This group was highly successful for several years with a stage show and series of radio broadcasts that combined top-flight musicianship with hillbilly dressing up and hamming, although the players themselves certainly all had authentically rural backgrounds. Guitarist Karl Davis and mandolinist Hartford Taylor were a West Virginia duo act that most often pretended to be brothers, seeing as how most such acts in the old-time field were performing siblings. They made quite a few recordings as a duo under the name of Karl and Harty, and also performed under the name of the Renfro Valley Boys. An impressario named John Lair, who also blew a bit of jug and harmonica, formed the first and most famous edition of the Cumberland Ridge Runners, by combining Davis and Taylor with banjo and guitar player Hugh Cross and a fiddler named Homer Miller who was known for off-the-wall antics. Cross was already a well-established country crooner and collaborator on the earliest recordings of songs such as Red River Valley and Wabash Cannonball. Lair created a hillbilly image for the outfit, dressing them all in checked shirts, straw or cowboy hats, cowboy boots, overalls, and so forth. A famous photograph of them shows them in front of what looks like a rustic log cabin, but was actually a replica of Fort Dearborn created for the 1933 Chicago World's Fair. The band was the main hillbilly act at this event, and also was the first such group to perform regularly on the National Barn Dance presented by Chicago's radio station WLS. The group became something of a training ground for up and coming country performers. A red-haired vocalist and bassist named Clyde Foley was hired to take part in comical sketches with Miller as well as play music; he soon changed his name to Red Foley and went on to become a huge country star. Another featured part of the group for a time was singer and banjo player Linda Parker, also known as The Sunbonnet Girl. She was really forced to ham-up the hillbilly part and was always dressed onstage in a frilly gingham dress. The band was one of a group of old-time and classic jazz acts from the Depression era featured on a 1992 video entitled #Things Ain't Like They Used to Be. This selection gives a good indication of the manic nature of this group. They are shown performing the song Goofus in a hospital, and the members all switch instruments during the song, while Foley does an uncanny imitation of comedian Stan Laurel. The original version of this group fizzled out sometime after the mid-'30s. Manager Lair may have rubbed old-time music purists the wrong way with his excessive hillbilly schtick, but more than made up for it down the line with his commitment to old-time music. As a promoter he founded the extremely popular Renfro Valley Barndance, while continuing to perform in the rarified field of country harmonica playing. Fiddler Allerton Alton Hawkes formed a new band entitled the Cumberland Ridge Runners, and they kept busy on broadcasts for WWVA as well as backing up visiting country artists. ~ Eugene Chadbourne, Rovi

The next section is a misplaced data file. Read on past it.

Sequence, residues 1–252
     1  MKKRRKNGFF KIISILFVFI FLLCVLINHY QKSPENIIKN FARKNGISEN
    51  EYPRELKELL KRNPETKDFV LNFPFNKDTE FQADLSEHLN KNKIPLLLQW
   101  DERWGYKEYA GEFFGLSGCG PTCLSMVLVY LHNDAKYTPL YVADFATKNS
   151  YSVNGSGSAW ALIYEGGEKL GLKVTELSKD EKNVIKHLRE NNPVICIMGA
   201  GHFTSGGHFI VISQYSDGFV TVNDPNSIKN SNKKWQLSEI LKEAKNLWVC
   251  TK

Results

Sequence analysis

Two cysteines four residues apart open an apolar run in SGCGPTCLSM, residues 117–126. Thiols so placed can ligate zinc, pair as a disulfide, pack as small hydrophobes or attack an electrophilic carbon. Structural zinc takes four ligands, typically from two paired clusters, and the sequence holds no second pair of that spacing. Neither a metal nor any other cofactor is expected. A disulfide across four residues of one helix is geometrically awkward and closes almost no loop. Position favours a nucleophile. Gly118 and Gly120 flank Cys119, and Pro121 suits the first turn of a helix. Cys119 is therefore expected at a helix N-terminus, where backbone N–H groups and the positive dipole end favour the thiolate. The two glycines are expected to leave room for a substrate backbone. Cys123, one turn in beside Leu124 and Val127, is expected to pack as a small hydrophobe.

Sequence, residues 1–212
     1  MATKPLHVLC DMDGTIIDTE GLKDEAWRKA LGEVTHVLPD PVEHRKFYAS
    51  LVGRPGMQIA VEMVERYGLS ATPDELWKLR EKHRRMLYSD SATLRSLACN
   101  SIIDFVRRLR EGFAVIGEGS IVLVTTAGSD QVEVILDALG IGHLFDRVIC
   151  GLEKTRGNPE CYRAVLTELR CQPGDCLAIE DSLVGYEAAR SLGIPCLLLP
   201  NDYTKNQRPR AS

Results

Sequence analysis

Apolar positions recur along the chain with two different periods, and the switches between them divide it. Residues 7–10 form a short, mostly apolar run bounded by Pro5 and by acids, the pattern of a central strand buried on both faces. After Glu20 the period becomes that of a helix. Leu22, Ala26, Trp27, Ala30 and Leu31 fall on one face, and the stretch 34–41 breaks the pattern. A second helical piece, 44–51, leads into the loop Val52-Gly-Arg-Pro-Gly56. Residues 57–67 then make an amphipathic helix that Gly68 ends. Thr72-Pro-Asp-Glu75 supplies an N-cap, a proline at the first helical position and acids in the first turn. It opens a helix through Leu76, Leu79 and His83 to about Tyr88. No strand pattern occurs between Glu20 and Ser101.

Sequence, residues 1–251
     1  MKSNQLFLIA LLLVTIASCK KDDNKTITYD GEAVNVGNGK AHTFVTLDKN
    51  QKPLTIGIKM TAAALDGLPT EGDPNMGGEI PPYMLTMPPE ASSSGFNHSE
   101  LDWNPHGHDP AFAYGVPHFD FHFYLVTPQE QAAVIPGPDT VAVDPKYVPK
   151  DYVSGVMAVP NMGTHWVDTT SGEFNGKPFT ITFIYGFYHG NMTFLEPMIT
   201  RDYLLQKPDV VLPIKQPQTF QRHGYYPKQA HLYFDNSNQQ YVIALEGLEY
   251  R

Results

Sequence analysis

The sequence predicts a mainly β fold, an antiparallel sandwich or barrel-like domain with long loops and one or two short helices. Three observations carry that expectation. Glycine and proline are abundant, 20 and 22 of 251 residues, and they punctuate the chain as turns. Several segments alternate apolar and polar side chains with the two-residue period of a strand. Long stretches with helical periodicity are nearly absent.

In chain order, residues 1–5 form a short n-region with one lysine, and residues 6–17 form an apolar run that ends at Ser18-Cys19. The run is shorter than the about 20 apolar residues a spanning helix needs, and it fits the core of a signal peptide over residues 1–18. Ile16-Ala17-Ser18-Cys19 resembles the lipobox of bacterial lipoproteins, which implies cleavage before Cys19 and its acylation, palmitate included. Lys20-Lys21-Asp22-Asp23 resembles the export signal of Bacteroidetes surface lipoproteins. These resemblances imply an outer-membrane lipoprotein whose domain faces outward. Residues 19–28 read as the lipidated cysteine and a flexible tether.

Top Tracks
Cumberland Ridge Runners (feat. Stan Laurel)1935
Goofus - Cumberland Ridge Runners (circa 1932-35)
Cumberland Ridge Runners: Goofus - 1930's
Cumberland Ridge Runners - I Dreamed I Searched Heaven for You - 1934
Cumberland Ridge Runners - I'm Here to Get My Baby Out of Jail - 1934
«Take Me Back To Renfro Valley» - Linda Parker and the Cumberland Ridge Runners
Cumberland Ridge Runners: "Nobody's Darling" (1933)
Download SoundHound
The only App that can give you results through singing and humming search!
You can sing any song from this artist to help SoundHound users find it!